Achieving High Availability with PureData System for Transactions


Kelly Schlamb , DB2 pureScale and PureData Systems Specialist, IBM

A short time ago, I wrote about improving IT productivity with IBM PureData System for Transactions and I mentioned a couple of new white papers and solution briefs on that topic.  Today, I’d like to highlight another one of these new papers: Achieving high availability with PureData System for Transactions.

I’ve recently been meeting with a lot of different companies and organizations to talk about DB2 pureScale and PureData System for Transactions, and while there’s a lot of interest and discussion around performance and scalability, the primary reason that I’m usually there is to talk about high availability and how they can achieve higher levels than what they’re seeing today. One thing I’m finding is that there are a lot of different interpretations of what high availability means (and I’m not going to argue here over what the correct definition is). To some, it’s simply a matter of what happens when some sort of localized unplanned outage occurs, like a failure of their production server or a component of that server. How can downtime be minimized in that case?  Others extend this discussion out to include planned outages, such as maintenance operations or adding more capacity into the system. And others will include disaster recovery under the high availability umbrella as well (while many keep them as distinctly separate topics — but that’s just semantics). It’s not enough that they’re protected in the event of some sort of hardware component failure for their production system, but what would happen if the entire data center was to experience an outage? Finally (and I don’t mean to imply that this is an exhaustive list — when it comes to keeping the business available and running, there may be other things that come into the equation as well), availability could also include a discussion on performance. There is typically an expectation of performance and response time associated with transactions, especially those that are being executed on behalf of customers, users, and business processes. If a customer clicks on button on a website and it doesn’t come back quickly, it may not be distinguishable from an outage and the customer may leave that site, choosing to go to a competitor instead.

It should be pointed out that not every database requires the highest levels of availability. It might not be a big deal to an organization if a particular departmental database is offline for 20 minutes, or an hour, or even the entire day. But there are certainly some business-critical databases that are considered “tier 1” that do require the highest availability possible. Therefore, it is important to understand the availability requirements that your organization has.  But I’m likely already preaching to the choir here and you’re reading this because you do have a need and you understand the ramifications to your business if these needs aren’t met. With respect to the companies I’ve been meeting with, just hearing about what kinds of systems they depend on from both an internal and external perspective- and what it means to them if there’s an interruption in service- has been fascinating.  Of course, I’m sympathetic to their plight, but as a consumer and a user I still have very high expectations around service. I get pretty mad when I can’t make an online trade, check the status of my travel reward accounts, or even order a pizza online ; especially when I know what those companies could be doing to provide better availability to their users.  🙂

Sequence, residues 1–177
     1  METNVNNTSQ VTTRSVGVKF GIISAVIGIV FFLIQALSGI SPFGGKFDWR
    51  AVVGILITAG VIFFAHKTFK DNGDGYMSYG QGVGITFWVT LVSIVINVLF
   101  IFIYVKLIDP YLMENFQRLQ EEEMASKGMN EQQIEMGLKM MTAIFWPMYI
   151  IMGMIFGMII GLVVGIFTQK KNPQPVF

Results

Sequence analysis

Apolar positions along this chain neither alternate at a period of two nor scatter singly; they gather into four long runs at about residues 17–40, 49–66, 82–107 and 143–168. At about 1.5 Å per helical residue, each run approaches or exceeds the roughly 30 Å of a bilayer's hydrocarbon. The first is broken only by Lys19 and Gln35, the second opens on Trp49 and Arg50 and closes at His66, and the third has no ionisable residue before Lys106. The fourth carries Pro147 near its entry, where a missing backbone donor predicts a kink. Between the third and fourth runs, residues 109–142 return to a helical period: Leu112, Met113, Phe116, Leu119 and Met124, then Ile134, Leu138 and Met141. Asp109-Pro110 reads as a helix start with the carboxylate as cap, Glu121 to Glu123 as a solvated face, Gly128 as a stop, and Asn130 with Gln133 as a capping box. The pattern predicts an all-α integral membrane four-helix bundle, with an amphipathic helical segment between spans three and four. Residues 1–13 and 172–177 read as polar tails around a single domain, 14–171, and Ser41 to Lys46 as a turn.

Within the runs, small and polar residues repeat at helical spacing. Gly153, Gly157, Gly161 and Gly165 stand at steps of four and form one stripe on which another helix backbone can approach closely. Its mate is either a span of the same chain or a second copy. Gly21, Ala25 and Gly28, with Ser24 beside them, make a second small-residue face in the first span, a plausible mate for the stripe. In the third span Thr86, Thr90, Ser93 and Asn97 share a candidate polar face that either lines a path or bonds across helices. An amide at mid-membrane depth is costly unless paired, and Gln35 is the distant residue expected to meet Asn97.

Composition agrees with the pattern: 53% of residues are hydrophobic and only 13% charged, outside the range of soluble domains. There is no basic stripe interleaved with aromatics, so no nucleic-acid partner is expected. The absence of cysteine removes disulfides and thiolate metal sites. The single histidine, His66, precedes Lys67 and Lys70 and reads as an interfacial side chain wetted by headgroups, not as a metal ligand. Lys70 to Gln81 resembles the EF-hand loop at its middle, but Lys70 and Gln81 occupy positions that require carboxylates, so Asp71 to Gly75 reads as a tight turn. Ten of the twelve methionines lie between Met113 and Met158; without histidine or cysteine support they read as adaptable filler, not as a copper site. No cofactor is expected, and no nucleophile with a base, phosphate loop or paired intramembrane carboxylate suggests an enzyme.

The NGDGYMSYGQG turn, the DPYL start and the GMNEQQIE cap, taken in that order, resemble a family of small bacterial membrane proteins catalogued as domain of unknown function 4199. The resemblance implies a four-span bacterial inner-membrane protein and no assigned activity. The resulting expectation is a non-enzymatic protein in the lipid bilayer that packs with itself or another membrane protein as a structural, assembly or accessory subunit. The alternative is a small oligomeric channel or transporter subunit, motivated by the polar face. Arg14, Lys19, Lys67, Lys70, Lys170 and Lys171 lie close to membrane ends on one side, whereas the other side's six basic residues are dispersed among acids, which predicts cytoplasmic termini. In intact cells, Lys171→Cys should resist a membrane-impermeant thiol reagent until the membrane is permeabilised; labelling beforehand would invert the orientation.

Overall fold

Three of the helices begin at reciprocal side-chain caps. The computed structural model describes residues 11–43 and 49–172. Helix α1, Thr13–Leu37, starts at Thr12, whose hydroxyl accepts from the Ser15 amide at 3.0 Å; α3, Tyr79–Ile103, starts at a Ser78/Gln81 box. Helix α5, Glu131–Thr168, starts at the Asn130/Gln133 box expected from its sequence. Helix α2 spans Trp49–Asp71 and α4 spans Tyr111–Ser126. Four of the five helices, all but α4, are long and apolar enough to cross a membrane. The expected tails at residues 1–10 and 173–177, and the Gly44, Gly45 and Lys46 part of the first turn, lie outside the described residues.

Those things I mentioned above — high availability, disaster recovery, and performance (through autonomics) — are all discussed as part of the paper in the context of PureData System for Transactions. PureData System for Transactions is a reliable and resilient expert integrated system designed for high availability, high throughput online transaction processing (OLTP). It has built-in redundancies to continue operating in the event of a component failure, disaster recovery capabilities to handle complete system unavailability, and autonomic features to dynamically manage utilization and performance of the system. Redundancies include power, compute nodes, storage, and networking (including the switches and adapters). In the case of a component failure, a redundant component keeps the system available. And if there is some sort of data center outage (planned or unplanned), a standby system at another site can take over for the downed system. This can be accomplished via DB2’s HADR feature (remember that DB2 pureScale is the database environment within the system) or through replication technology such as Q Replication or Change Data Capture (CDC), part of IBM InfoSphere Data Replication (IIDR).

Just a reminder that the IDUG North America 2014 conference will be taking place in Phoenix next month from May 12-16. Being in a city that just got snowed on this morning, I’m very much looking forward to some hot weather for a change. Various DB2, pureScale, and PureData topics are on the agenda. And since I’m not above giving myself a shameless plug, come by and see me at my session: A DB2 DBA’s Guide to pureScale (session G05). Click here for more details on the conference. Also, check out Melanie Stopfer’s article on IDUG.  Hope to see you there!

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